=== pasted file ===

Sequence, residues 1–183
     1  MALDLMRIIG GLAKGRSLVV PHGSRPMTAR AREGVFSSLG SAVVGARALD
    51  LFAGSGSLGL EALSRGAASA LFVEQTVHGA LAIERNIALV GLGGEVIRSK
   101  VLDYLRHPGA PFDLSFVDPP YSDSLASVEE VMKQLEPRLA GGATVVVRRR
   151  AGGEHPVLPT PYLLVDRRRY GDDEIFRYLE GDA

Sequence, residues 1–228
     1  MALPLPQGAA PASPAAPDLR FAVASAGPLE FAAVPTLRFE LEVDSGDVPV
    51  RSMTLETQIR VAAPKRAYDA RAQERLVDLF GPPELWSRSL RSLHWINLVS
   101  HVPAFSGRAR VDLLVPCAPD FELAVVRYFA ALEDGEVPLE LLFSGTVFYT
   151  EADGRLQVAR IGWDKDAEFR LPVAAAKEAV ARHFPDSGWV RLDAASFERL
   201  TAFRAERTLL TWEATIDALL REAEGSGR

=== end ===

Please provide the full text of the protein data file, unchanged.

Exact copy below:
Sequence, residues 1–183
     1  MALDLMRIIG GLAKGRSLVV PHGSRPMTAR AREGVFSSLG SAVVGARALD
    51  LFAGSGSLGL EALSRGAASA LFVEQTVHGA LAIERNIALV GLGGEVIRSK
   101  VLDYLRHPGA PFDLSFVDPP YSDSLASVEE VMKQLEPRLA GGATVVVRRR
   151  AGGEHPVLPT PYLLVDRRRY GDDEIFRYLE GDA

Sequence, residues 1–228
     1  MALPLPQGAA PASPAAPDLR FAVASAGPLE FAAVPTLRFE LEVDSGDVPV
    51  RSMTLETQIR VAAPKRAYDA RAQERLVDLF GPPELWSRSL RSLHWINLVS
   101  HVPAFSGRAR VDLLVPCAPD FELAVVRYFA ALEDGEVPLE LLFSGTVFYT
   151  EADGRLQVAR IGWDKDAEFR LPVAAAKEAV ARHFPDSGWV RLDAASFERL
   201  TAFRAERTLL TWEATIDALL REAEGSGR